This is an important topic for our industry, so I encourage you to consider attending.

Another trend we’re focused on right now is the importance of bringing more Millennials to credit unions. They may not look like it, but surveys have found that this generation is actually more financially aware than previous generations. They are certainly more financially stressed. This doesn’t mean that Millennials are any more financially literate than older generations, but they do have more resources available to them to achieve that literacy. One fact that credit unions have to face is that their members are growing increasingly engaged and interested in their own finances, which presents great opportunities for the industry—if they know how to communicate to millennials.

According to a survey by the Harris Poll released in 2015, a documented 84 percent of Millennials say they are seeking financial advice. Top concerns remain not having enough money in emergency funds and paying monthly bills. So unsurprisingly, a large amount of Millennials consider saving and investing, as well as making a financial plan, a high priority. Yet many Millennials have not established any strong relationships with a financial institution and are currently looking to place their faith in organizations they can trust. Credit unions would do well to consider that Millennials, by and large, are very socially conscious, and many consider it their own personal responsibility to better their communities. This places credit unions in an ideal position to attract the largest generation since the baby boomers, especially if they tout the positive contributions by their organizations.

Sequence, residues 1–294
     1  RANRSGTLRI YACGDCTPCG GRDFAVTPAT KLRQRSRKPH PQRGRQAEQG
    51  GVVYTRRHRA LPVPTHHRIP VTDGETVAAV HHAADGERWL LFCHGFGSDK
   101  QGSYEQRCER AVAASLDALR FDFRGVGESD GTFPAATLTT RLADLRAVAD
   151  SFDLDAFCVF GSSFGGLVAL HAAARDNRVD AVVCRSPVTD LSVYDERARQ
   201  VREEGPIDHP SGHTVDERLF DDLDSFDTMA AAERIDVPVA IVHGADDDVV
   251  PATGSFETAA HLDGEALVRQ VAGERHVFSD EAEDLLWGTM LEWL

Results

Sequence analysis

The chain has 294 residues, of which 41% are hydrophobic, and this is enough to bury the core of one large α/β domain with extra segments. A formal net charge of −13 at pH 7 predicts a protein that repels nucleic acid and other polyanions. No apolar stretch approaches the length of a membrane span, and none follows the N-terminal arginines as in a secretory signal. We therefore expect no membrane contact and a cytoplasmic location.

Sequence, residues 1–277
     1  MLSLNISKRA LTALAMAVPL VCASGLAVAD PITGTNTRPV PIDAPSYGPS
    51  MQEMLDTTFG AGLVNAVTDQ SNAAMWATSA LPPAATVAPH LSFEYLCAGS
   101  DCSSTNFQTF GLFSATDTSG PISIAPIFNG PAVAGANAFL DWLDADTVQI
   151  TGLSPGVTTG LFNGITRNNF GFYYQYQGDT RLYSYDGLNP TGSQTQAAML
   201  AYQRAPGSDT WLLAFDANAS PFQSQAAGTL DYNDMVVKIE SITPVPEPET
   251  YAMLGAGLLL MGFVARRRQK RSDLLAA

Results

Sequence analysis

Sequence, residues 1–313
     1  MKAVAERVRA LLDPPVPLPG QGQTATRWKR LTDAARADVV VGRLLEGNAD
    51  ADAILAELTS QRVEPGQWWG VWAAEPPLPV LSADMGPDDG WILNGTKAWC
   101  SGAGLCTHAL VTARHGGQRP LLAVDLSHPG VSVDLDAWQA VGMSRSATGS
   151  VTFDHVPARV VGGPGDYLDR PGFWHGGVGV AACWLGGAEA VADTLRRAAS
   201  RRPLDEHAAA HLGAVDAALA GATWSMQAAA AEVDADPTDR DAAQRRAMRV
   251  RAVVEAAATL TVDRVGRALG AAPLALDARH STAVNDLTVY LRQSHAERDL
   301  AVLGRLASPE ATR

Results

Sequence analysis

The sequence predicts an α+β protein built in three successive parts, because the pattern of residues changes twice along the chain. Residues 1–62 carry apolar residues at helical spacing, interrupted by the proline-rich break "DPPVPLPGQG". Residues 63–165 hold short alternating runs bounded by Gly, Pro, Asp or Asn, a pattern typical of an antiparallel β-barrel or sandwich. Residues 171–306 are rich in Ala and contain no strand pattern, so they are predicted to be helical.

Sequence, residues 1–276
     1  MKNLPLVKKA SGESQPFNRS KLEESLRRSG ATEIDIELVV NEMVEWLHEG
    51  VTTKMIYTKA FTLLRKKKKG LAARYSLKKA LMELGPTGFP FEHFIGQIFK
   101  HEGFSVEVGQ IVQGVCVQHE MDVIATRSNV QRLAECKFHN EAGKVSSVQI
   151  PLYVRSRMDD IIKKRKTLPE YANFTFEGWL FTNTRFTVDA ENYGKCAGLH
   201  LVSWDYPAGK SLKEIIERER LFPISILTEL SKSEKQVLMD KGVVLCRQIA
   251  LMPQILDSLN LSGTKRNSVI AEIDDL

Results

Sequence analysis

But you can’t communicate to Millennials if you’re not communicating on the platforms they’re using. It has often been stated that we are in the middle of a dramatic communication change, one led by social media and digital content. In 2016, experts say that 9 out of 10 financial institutions have an active social media presence, specifically Facebook. But that does not always mean an effective presence. Often these social media accounts simply do not have the level of engagement that they should. Instead, marketers say that personalized content could mean the difference between connecting with members or losing their interest.

Obviously these are big issues with a lot to unpack, but hopefully I’ve given you something to think about in the brief time that we have.

Thanks again for watching.